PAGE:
‘He is now with the orchestra in his mind’: West Norfolk remembers Juggling Jim

Juggling Jim, as seen in a documentary made about him last year. Photo: Brodie Rake, YouTube.
Juggling Jim, as seen in a documentary made about him last year. Photo: Brodie Rake, YouTube.

Since it was announced earlier in the week that Lynn ‘icon’ Juggling Jim had passed away, the life of the busker has been celebrated by many.

A temporary shrine has been created in High Street, where Juggling Jim, whose real name is Anthony Bowen, used to perform, and thousands of people have taken to social media to remember the local celebrity.

Sally Beadle, aka Crazy Bananas, with the shrine in Juggling Jim's spot in High Street. Ms Beadle brought some of the juggling items to the spot to "recreate his space".

Sally Beadle, aka Crazy Bananas, with the shrine in Juggling Jim's spot in High Street. Ms Beadle brought some of the juggling items to the spot to "recreate his space".

A post on Russen & Turner Estate Agents’ Facebook page said: “An icon in Lynn, rest your musical soul Anthony. Least he is now with the orchestra in his mind, and hopefully has peace in his heart.”

Similarly, a status on the Majestic Cinema’s page said: “Anthony came into the cinema on many occasions and was always friendly and polite. Always had a smile on his face whenever he walked through the door. RIP Anthony.”

The morning after the news was broken, hundreds of people stopped in the town centre to remember the man with the broken guitar.

Fellow entertainer Sally Beadle, also known as Crazy Bananas, left juggling clubs, a feather duster and hoops in the doorway in between Clarks and River Island, where Mr Bowen would stand and perform.

Tributes paid to Juggling Jim.

Tributes paid to Juggling Jim.

Ms Beadle, of Pott Row, said: “I spoke to him most days I was in town and enjoyed our chats. I considered him a friend. I saw him last week and the last thing I said to him was to take care of himself.

“He was always so kind, he would give me tips on entertaining, such as ‘you’ve always got to keep the audience guessing’ and ‘you always need something new and fresh’.

“I feel so sad that he has gone, but I’ve tried to recreate his space here. I feel like I’ve lost a family member.”

Ian Ashford, owner of Castle Costumes in Norfolk Street, left a Christmas hat at a shrine to the entertainer.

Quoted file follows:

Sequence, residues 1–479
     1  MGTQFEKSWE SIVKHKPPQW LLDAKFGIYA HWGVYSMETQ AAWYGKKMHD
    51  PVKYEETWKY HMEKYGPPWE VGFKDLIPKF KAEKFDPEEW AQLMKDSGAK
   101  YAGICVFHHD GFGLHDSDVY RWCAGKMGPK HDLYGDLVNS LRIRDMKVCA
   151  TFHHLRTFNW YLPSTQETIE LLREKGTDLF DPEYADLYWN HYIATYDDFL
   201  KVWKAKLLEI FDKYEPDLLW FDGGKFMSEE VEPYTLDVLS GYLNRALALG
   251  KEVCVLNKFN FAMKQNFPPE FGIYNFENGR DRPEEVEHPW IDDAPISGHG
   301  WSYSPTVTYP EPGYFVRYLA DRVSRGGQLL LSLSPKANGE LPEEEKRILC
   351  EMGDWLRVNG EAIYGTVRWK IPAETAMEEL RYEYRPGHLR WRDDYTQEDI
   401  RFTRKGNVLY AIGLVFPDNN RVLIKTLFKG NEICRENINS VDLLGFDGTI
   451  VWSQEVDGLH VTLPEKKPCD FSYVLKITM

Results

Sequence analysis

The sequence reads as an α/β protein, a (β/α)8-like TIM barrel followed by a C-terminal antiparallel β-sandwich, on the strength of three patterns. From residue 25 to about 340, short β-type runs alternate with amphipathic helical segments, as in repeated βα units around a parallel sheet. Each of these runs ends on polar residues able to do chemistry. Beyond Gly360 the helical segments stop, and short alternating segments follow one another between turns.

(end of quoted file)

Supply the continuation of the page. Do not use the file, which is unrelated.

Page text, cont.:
Tony Bowen, aka as Juggling Jim

Tony Bowen, aka as Juggling Jim

Mr Ashford said: “He used to come round the shop and buy hats and juggling balls. He was a regular customer, and a man of few words.

“We will miss him. He’s part and parcel of Lynn. I liked that he used to work in the rain, in the snow, wind and sun. He had got good working ethics.”

Barry Whisler, of Watlington, used to bring him hot soup every Tuesday morning.

Mr Whisler said: “We would always have a chat, I’ve been bringing him soup for a couple of years now, but I never knew his real name.”

Darren Finch, of CDF Fruit and Veg stand in High Street, said: “He used to come to the stall once a month and spend £3.70. He always made my day when he was up there playing his guitar – a lovely bloke. He will be deeply missed.

“Although one time he poked a woman in the eye with his brolly, and he got banned from Lynn for five years.

“That’s when he went to Hunstanton – he abided by the rules very well.”

Local beer warehouse Beers of Europe announced its own tribute to the “local legend” on Wednesday.

In collaboration with The Norfolk Brewhouse, Beers of Europe is to sell limited edition bottles of golden ale, with 100 per cent of the profits going to a charity yet to be confirmed. Versions of Moon Gazer Ruby, Gold and Amber will have special commemorative labels on to celebrate Mr Bowen’s life.

Many have also called for a permanent memorial to be installed.

Mr Bowen was a regular feature in Lynn town centre and local residents thought it would be only right for a plaque, bench or statue to be created in his memory.

Councillor Sandra Collop said: “I just think he was an amazing guy. It’s such a shame. I think it would be fitting to have a plaque.”

Staff at the Clarks shop on High Street, next to where the entertainer would perform, said: “He kept us entertained – we felt quite protective of him. He was our little juggler. There should be a plaque for him.”

Richard Chappell, of Snettisham, said: “There’s a petition for something to be done for him, he needs a plaque. He was a big part of Lynn – it’s not going to be the same without him.”

A Lynn-based firm has now offered its services free of charge to help with the funeral.

AJ Coggles Family Funeral Directors offered its support on a JustGiving webpage: “We would like offer our services, the only costs involved would be the church fees and the grave digger. We feel he should have a dignified funeral.”

In his final years, Lynn entertainer Anthony Bowen, better known as Juggling Jim, was described as a man of few words, but this did not stop people from trying to find out more about this mysterious character.

The mystery became so much that, last year, when College of West Anglia student Brodie Rake filmed a documentary The Enigma of Juggling Jim, it received tens of thousands of views.

From the Lynn News archives, we know that Mr Bowen was in his early 60s when he passed away, and that he lived in Magdalen in the 80s when he worked as a painter and decorator.

A true lover of the arts, in 1989, Mr Bowen received an Equity card after passing with distinction his Senior Acting Examinations for the London Academy of Music and Dramatic Art.

A member of the King’s Lynn Players at one time, he used to run discos as Tony ‘Hats’ Bowen – changing hats between records.

He also appeared in the paper as an Andrew Lloyd Webber lookalike.

Mr Bowen’s father Len also died very recently and there are suggestions that the two might be buried together.

Mr Bowen senior’s funeral is to be held on Monday at St Nicholas Church, Gayton.